The potency of Treg cells in local protection of pancreatic islets (21) illustrates a concept of local immune tolerance in the target tissue of immune damage, and suggests venues of local immunomodulation at the immune action site. Immunotherapeutic agents are often administered in a way that results in systemic distribution in the body, but immunomodulation does not have to be systemic. One routine example in medicine is the topical application of anti-inflammatory agents to treat skin diseases. Local immunosuppression can efficiently deliver the agents with a much lower dose and effectively circumvent systemic side-effects of the drugs. Indeed, promising leads of local immunosuppression have been reported in some experimental transplantation settings (49).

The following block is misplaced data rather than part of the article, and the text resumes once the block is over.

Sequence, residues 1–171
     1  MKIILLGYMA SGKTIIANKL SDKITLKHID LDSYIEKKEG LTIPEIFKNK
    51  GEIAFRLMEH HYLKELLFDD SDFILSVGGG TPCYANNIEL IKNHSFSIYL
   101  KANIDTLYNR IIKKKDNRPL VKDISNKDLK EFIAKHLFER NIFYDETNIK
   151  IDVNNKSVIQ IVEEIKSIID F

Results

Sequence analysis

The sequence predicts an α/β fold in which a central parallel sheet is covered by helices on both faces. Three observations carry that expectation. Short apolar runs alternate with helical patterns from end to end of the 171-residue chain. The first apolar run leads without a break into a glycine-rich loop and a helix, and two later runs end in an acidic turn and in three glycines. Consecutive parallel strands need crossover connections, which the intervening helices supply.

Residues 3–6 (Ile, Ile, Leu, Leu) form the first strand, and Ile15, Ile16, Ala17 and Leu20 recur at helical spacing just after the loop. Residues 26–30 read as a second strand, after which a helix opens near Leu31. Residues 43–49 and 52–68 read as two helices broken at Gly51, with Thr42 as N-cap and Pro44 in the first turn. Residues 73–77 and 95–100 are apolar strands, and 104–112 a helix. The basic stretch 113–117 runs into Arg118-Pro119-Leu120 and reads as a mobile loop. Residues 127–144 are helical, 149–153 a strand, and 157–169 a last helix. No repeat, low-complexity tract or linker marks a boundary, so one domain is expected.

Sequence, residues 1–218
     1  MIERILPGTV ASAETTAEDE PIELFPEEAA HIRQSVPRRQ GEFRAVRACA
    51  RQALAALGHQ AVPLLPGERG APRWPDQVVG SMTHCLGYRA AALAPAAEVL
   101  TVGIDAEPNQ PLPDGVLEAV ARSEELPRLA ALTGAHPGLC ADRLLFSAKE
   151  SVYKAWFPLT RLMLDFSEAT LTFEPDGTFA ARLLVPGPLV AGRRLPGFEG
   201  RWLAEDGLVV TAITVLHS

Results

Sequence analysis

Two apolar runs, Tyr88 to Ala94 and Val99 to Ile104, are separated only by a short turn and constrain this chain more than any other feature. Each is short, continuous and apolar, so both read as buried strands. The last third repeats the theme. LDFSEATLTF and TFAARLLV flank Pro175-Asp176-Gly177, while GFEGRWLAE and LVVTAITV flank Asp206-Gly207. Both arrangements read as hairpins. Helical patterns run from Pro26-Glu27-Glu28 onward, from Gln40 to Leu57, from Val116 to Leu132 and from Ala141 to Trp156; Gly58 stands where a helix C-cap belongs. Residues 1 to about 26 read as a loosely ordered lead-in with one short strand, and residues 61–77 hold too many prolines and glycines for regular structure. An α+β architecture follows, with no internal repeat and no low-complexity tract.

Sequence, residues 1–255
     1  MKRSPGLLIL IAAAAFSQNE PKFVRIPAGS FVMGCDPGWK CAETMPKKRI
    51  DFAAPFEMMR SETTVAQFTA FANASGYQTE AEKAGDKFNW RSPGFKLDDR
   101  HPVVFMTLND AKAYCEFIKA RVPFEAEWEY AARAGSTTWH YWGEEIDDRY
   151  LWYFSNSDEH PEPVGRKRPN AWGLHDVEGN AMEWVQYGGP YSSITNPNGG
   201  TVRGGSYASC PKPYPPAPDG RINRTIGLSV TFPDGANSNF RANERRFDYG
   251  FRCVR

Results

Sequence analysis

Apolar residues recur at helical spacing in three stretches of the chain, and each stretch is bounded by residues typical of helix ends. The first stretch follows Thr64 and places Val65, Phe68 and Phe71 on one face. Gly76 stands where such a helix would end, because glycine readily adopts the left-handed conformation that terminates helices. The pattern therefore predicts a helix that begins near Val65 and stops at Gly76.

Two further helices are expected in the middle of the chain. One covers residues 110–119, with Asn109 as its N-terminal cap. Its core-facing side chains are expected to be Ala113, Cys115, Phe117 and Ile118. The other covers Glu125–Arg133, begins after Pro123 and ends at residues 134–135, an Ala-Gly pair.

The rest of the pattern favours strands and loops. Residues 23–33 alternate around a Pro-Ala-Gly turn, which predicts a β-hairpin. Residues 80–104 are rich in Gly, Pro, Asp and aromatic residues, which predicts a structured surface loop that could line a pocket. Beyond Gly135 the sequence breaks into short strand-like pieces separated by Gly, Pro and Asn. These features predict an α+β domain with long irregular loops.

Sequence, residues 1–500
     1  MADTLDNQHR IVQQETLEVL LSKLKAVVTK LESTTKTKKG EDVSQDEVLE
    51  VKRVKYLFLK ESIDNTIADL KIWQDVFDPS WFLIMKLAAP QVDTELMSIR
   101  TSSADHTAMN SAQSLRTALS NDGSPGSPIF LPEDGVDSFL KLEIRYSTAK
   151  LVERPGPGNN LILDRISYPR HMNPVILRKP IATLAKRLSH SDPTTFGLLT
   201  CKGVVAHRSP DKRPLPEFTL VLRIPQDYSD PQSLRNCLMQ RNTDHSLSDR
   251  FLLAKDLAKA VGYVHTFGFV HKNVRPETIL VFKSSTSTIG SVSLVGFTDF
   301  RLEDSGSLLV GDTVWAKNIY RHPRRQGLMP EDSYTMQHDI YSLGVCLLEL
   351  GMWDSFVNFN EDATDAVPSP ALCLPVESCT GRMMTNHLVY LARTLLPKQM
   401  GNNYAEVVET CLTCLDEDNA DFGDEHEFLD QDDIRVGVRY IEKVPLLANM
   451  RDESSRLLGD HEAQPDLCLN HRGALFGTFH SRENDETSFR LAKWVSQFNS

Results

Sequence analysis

However, local delivery and retention of immunomodulatory agents are difficult to achieve in most transplantation settings, including islet transplantation. Currently clinical islet transplantation is performed by infusion of purified donor islets into the liver through the portal vein. There are increasing concerns that the liver might represent a less than optimal environment for islets. Factors associated with liver physiology and metabolism may have contributed to the progressive loss of islet transplants. The physiological role of the liver as a portal to the systemic circulation also makes it difficult to limit systemic distribution for agents applied to the liver. To tackle the limitations of intraportal infusion of islets in current clinical islet transplantation, alternative anatomical sites are explored for islet transplantation (128). Neosites are also created by bioengineering approaches. A biohybrid (BHD) device has shown promise in animal models to create an alternative, easy-to-access site of islet transplantation (91). The novel transplantation site engineered with the BHD device was shown to sustain a long-term survival and function of islet transplants (91). Since the site can support the complex physiology of β cells, it is reasonable to expect that such a site will also be compatible with the survival and function of Treg cells and innate suppressors. This platform may also be substantially improved in combination with tissue engineering approaches such as scaffolding, nanoparticle coating and pegylation (34,86,134). The success of such a bioengineering platform would create a defined niche for local therapies with immunoregulatory cells.